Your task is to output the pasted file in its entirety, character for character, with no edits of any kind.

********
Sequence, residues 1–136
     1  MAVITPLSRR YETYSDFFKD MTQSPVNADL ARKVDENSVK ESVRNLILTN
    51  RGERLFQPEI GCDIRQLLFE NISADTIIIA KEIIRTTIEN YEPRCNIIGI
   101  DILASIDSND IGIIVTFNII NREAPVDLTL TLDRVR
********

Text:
Sequence, residues 1–136
     1  MAVITPLSRR YETYSDFFKD MTQSPVNADL ARKVDENSVK ESVRNLILTN
    51  RGERLFQPEI GCDIRQLLFE NISADTIIIA KEIIRTTIEN YEPRCNIIGI
   101  DILASIDSND IGIIVTFNII NREAPVDLTL TLDRVR